Simply put, it’s a list of high-level activities logically outlining how the sequence of work will be carried out from the start of the project to the end of the project with intermediate goals highlighted in between, known as milestones. The level of detail should account for major trades onsite to know who goes first and who directly follows to ensure proper hand-offs of work from start-to-finish. For example, a line item that might be seen in the master schedule could be erecting the structural steel of the superstructure or MEP blockouts, but you can probably get away with not putting in install shower curtain rod because no major tasks are depending on it other than hanging a shower curtain. But each team will need to decide this on their own. I typically tell clients if it’s something important, has a large value associated with it, or has other critical tasks tied to it, it probably needs to be in the schedule. It goes back to the old phrase, “You can’t manage what you don’t measure.” Just remember the plan is not just for your team, it needs to bring enough transparency for all shareholders, such as subcontractors or the design team, to have a general understanding of the project, so that they have a better understanding on how they need to execute their work and which dates are critical for the project.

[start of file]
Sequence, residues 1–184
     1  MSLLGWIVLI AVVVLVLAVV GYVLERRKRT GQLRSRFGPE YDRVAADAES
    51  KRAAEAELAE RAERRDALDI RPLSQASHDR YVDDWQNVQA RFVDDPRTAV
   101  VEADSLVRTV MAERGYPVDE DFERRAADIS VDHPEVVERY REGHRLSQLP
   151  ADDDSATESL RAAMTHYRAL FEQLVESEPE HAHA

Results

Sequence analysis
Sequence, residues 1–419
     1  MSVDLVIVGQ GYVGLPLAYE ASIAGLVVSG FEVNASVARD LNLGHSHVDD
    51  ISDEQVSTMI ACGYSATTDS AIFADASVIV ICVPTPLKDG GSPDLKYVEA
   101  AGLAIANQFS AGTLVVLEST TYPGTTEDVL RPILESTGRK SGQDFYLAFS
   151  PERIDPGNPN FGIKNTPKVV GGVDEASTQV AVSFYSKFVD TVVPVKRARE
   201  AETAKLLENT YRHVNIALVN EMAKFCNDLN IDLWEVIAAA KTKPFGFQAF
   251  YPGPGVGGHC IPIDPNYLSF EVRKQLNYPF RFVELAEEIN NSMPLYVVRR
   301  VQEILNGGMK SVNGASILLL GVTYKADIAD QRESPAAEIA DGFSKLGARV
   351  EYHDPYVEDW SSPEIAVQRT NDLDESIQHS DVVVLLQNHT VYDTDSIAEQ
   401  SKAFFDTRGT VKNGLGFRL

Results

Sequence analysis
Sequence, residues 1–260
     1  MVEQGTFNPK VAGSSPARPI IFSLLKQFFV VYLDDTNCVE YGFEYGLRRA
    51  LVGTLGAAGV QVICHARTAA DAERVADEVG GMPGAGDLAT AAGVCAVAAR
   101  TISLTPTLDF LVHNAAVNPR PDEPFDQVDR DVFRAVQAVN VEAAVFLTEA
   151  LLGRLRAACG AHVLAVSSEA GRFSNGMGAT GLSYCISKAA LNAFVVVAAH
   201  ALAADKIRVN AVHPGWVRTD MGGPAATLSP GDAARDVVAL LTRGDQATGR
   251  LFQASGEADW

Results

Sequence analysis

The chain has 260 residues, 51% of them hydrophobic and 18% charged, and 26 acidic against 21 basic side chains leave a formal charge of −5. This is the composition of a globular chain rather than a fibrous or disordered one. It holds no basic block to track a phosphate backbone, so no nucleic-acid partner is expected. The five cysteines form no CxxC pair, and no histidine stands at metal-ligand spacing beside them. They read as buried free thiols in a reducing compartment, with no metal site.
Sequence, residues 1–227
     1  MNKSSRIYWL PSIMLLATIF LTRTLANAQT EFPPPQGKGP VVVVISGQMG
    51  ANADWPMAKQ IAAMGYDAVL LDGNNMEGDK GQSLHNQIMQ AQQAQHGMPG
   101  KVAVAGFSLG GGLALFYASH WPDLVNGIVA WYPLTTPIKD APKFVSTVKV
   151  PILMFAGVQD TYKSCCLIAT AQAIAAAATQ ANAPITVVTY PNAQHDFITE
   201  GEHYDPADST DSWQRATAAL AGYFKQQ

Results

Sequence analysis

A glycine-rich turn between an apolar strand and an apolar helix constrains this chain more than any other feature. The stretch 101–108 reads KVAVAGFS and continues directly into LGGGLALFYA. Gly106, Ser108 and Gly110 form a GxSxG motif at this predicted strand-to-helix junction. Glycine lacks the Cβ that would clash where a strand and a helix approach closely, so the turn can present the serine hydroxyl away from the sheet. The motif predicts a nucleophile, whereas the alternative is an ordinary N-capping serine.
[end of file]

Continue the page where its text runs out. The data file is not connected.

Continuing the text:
The next common question that I get asked is, “Should I put the procurement tasks into the schedule?” This goes back to what I said earlier - if it’s a task that has a lot of tasks tied to it in the future, then yes. For example, submittals, scopes of work, and permits should be put in the schedule because in this day and age work cannot take place onsite unless a subcontractor has a signed contract and the work they plan on doing has approved shop drawings/submittal.
One of the most critical things when it comes to creating a master schedule is how to name a task. It seems simple, but I have seen a lot of schedules with just one word and no parent task to describe the location or task itself. For example, with a one-word description like “paint”, “install”, “concrete”, etc. it’s impossible to apply valuable AI to this or for even human intelligence (a person) to read or accurately figure out the task. Properly naming a task is important because it gives AI a way to analyze the task and start seeing actual patterns and compare it with other schedules or best practices in work sequences that you have internally built.
Example Broken Down by System